Howard’s Paradoxes of Rationality

Nigel Howard Paradoxes of Rationality: Theory of Metagames and Political Behaviour The Peace Research Studies Series, MIT Press, 1971

Introducing Howard’s Metagame Analysis.

[The] aim of his work is to produce a technique that can be used to resolve real-life, real-time conflict situations and to investigate political and social interactions between decision makers. Such applications have in fact already been made, and the book contains, for example, an analysis of the Vietnam conflict.

[The] approach is “nonquantitative”. One reason is that numerical utilities usually cannot be estimated in a reliable manner in the real world. Another is that some of the most powerful methods developed by twentieth-century mathematics (those, for example, in topology, modern algebra, and set theory) are nonquantitative, and their application to social science, with its many “unmeasurables,” is clearly appropriate and potentially of enormous value.

[The] author proves several theorems that assert that in some cases to be rational is to be wrong, that irrationality is sometimes more effective, and, even, “that to be rational in two-person games is usually to be a sucker.” He identifies three separate breakdowns of rationality. A consideration of “metarationality” leads to similar conclusions at that higher level of decision making.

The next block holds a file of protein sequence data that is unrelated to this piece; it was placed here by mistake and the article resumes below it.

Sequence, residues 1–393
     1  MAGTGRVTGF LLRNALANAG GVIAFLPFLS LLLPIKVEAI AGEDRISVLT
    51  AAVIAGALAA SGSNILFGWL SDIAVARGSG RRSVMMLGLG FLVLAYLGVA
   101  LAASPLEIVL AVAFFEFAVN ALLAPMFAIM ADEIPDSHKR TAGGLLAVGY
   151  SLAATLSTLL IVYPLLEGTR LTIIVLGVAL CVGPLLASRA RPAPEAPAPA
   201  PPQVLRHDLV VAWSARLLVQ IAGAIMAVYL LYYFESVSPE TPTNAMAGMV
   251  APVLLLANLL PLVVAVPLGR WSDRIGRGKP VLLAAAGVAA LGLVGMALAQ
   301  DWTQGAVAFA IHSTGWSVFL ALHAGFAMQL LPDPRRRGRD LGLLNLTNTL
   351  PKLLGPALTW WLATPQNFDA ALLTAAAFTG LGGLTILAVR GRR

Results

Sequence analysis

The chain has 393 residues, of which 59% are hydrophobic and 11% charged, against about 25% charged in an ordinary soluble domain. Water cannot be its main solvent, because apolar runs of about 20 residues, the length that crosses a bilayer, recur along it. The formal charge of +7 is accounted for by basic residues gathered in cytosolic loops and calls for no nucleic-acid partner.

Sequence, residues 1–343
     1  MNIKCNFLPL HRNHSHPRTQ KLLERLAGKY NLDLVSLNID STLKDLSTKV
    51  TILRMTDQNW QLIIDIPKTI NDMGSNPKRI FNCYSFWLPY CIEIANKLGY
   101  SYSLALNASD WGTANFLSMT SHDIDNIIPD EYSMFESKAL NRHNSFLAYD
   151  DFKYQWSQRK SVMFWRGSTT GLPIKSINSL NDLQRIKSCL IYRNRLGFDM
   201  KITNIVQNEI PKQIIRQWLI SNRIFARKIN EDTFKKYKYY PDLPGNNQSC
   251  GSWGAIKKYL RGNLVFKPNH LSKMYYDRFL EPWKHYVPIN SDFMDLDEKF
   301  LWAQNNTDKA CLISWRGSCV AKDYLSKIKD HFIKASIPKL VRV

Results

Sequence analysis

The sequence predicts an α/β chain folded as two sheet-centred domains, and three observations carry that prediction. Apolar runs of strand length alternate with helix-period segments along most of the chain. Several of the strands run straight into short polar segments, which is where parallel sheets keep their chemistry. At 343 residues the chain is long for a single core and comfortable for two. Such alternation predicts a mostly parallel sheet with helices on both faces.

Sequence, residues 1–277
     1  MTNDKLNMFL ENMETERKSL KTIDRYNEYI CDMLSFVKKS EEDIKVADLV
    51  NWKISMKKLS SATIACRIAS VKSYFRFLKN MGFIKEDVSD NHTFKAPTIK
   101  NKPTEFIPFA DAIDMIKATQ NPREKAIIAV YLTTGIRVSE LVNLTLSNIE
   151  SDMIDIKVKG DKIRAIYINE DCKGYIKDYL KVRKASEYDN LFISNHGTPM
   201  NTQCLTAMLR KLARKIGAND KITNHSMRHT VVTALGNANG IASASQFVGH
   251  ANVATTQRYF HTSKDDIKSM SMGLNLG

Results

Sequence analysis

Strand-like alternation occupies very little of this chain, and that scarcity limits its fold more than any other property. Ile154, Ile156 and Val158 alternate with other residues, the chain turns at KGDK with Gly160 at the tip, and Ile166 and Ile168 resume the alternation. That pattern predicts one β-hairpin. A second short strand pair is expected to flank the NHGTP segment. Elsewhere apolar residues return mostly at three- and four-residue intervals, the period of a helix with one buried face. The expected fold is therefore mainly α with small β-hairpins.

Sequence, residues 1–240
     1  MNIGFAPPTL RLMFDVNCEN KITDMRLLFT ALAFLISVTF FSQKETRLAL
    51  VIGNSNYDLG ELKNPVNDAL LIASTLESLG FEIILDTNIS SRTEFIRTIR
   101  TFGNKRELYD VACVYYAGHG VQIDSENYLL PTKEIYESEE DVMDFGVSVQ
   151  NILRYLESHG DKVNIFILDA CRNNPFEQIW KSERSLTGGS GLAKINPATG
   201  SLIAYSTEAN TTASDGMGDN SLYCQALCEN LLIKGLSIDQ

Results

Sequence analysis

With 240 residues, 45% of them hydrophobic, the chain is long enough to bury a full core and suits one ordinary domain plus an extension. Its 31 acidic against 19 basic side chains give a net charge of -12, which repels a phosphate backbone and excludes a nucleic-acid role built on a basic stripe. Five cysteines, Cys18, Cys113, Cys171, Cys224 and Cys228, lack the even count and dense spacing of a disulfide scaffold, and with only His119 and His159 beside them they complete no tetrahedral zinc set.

Of special interest are the sections on the existentialist axiom, the free will argument, and the axiom of choice, and the paradoxes implicit in the use of these concepts.

It led to drama theory as part of confrontation analysis, with particular application to identifying dilemmas of the kind that simpler theories often ignore or deny, rather than prescribing supposedly ‘optimal’ solutions.

Dave Marsay

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